My mother’s kitchen table is based off of her religion and cultural norms growing up in West Africa. In everything that she does I can either tie it back to Islam or the Ivory Coast.


Keyi Chen Journal #2– Changes of a kitchen table

For the last several decades, economies of many developing countries have been continuously booming. China, as a representative example, has experienced lots of changes due to the increasing GDP for so many years; as a result of which, people’s daily life has also changed a lot. As an economics student, I conducted a study about the kitchen table in order to see how economic changes have altered people’s life and reflect some cultural changes.


To begin with, one of my grandmother’s old friends, Mrs. Lu, agreed to let me observe her family’s kitchen table and ask her about her kitchen table in past when she was living in the countryside. One thing that particularly interested me was that Mrs. Lu has experienced the economic changes as well as the movement from the countryside to the city; therefore, the changes of her kitchen table would reflect not only the changes of daily life but also some cultural differences between rural areas and urban areas. To conduct this study, I chose ethnographic fieldwork and interview as my methods(Eating Culture: An Anthropological Guide to Food, Gillian Crowther). Using ethnographic fieldwork could enable me to observe Mrs. Lu’s kitchen table directly, and the interview could allow me to learn about her kitchen table and experience several decades ago. The combination of these two methods would ensure that I could study the changes of Mrs. Lu’s kitchen table.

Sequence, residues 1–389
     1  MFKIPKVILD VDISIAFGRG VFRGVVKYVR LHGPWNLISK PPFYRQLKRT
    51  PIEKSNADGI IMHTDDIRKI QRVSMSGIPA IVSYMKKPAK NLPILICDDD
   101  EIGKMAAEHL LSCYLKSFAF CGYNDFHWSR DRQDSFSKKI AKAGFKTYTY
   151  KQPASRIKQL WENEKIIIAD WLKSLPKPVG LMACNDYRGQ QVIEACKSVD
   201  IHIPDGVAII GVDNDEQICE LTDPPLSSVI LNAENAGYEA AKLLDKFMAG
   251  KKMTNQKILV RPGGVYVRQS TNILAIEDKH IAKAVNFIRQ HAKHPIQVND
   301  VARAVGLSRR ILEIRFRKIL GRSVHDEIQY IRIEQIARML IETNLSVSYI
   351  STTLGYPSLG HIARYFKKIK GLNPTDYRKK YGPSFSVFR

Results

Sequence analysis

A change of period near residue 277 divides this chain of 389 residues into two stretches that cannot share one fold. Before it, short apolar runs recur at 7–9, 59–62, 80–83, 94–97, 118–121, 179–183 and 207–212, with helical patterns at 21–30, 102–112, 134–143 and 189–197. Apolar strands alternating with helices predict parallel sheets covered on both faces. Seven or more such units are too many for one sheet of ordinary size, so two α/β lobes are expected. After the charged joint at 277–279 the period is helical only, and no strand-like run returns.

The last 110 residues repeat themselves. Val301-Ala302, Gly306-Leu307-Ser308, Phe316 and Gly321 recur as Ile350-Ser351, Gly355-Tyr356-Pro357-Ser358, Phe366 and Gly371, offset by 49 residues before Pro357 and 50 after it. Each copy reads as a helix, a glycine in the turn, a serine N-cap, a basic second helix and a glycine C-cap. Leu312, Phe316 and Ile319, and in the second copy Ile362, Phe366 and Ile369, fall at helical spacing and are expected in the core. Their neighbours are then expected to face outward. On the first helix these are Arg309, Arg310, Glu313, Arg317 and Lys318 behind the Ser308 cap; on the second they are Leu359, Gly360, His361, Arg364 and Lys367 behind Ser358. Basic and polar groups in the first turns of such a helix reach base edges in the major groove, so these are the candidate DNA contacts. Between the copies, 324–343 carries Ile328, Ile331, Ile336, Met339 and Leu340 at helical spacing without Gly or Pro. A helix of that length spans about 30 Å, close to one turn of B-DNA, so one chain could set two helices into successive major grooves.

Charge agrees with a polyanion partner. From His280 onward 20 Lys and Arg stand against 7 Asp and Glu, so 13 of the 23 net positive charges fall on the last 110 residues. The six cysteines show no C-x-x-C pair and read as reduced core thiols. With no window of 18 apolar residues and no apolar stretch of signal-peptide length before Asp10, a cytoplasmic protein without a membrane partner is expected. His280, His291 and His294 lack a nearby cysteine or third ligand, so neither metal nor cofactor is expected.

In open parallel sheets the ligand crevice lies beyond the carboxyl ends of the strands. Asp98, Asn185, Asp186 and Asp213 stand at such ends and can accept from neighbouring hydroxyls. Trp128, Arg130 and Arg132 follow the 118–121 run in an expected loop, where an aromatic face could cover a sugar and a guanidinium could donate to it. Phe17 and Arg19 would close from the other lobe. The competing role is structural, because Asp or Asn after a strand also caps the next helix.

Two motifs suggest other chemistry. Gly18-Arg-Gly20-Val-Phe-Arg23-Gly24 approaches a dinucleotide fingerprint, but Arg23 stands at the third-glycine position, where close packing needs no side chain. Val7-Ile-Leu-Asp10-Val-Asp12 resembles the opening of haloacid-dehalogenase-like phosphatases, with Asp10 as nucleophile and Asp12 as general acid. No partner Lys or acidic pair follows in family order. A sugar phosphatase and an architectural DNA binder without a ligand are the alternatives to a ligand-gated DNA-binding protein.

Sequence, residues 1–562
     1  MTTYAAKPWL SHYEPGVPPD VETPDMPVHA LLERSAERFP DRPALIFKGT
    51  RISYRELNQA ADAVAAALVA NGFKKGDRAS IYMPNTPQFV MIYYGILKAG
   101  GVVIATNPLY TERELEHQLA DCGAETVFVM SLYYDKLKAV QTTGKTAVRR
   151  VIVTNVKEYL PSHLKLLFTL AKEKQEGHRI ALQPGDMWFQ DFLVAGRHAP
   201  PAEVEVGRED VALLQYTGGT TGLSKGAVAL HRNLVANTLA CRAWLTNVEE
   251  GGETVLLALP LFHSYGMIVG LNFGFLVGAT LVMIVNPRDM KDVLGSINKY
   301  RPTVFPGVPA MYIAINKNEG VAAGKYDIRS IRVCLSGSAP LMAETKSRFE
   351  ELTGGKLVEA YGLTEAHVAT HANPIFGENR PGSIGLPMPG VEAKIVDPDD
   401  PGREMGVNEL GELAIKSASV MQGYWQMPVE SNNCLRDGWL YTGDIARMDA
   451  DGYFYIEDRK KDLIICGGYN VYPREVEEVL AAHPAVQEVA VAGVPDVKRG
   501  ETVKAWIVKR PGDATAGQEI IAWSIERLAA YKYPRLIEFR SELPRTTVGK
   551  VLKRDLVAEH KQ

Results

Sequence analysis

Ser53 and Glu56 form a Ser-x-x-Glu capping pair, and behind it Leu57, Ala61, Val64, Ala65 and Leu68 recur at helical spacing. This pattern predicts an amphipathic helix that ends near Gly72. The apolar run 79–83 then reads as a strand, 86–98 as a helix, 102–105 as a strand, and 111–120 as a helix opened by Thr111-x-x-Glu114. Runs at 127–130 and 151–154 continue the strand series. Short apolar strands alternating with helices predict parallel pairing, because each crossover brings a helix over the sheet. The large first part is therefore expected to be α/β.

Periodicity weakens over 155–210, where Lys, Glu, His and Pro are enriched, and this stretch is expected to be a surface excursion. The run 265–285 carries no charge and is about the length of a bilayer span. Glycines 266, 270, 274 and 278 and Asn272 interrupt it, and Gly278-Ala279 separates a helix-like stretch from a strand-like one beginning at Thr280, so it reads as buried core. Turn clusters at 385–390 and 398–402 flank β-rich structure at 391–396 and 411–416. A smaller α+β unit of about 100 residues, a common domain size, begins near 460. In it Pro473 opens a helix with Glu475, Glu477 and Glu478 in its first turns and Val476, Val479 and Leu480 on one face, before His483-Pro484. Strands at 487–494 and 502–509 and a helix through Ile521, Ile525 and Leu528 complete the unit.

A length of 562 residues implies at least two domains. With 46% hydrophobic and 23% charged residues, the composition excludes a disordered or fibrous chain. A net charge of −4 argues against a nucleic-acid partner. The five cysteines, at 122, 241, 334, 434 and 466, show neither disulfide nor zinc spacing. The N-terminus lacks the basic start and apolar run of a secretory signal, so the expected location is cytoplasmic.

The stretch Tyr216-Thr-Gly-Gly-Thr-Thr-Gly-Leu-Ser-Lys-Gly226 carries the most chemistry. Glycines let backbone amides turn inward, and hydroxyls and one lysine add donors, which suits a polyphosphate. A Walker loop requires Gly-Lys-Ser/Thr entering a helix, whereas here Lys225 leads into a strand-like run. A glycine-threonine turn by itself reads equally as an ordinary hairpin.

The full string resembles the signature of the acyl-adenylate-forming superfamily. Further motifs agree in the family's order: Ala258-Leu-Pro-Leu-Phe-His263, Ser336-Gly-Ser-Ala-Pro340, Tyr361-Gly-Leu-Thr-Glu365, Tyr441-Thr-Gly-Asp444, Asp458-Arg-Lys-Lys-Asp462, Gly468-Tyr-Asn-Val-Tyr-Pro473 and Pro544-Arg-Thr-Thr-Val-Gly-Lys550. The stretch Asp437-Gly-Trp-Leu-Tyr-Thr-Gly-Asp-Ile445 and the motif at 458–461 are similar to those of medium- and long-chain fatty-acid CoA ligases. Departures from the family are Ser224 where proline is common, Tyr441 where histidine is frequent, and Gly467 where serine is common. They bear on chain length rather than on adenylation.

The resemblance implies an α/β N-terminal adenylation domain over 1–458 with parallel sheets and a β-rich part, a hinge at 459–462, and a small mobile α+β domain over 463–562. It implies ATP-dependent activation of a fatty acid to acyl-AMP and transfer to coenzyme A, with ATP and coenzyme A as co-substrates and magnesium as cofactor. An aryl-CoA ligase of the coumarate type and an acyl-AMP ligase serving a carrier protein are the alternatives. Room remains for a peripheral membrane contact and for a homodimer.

When I arrived at Mrs. Lu’s home, her family were sitting around the table and preparing wonton together. While Mrs. Lu was making chicken soup with a pressure cooker for the soup base, her husband was mincing pork, cabbages, and mushrooms for wonton’s fillings. At the same time, her son, daughter-in-law, and her litter granddaughter were making wonton, chatting with smiles on their faces. Every member seemed excited and happy because of the joyful family time at weekends. During the time of waiting for the soup, I interviewed Mrs. Lu about her past kitchen table. “There was not a literal kitchen table when I was young. The kitchen space was too narrow and all we had were a simple hearth made of bricks, soil, and a big iron pan with a wooden lid, so we just used the hearth as a kitchen table, covering the pan with the flat lid. When I was about twelve or thirteen years old, my parents began not to take care of our family’s meals in order to earn more money to support the family; therefore, I had to cook meals for my three younger brothers and myself. I seldom enjoyed family time like this moment but cooked meals and did housework for most of the time,” said Mrs. Lu. Then I asked her why they were making wonton, and she answered, “making wonton was one of the few chances by which I could feel the happiness of the family reunion, so I want younger members of my family to enjoy the process that everyone involves to make a dish. Also, wonton is an indispensable dish when we have a family party; thus, I want them to learn how to make it. Of course, in the past, we didn’t use pork as one of the ingredients, and all we eat were just some random green vegetables.” As soon as the dish was finally finished, the older couple let their young granddaughter taste it first. “In the past, no one could start eating until ‘the head of the family’ started, right?” Mrs. Lu said with a smile, “but the era has changed, and we have already abandoned those feudal cultures.” She also invited me to eat wonton together with them because she always believes the old saying – “one who comes to my home is always my guest”.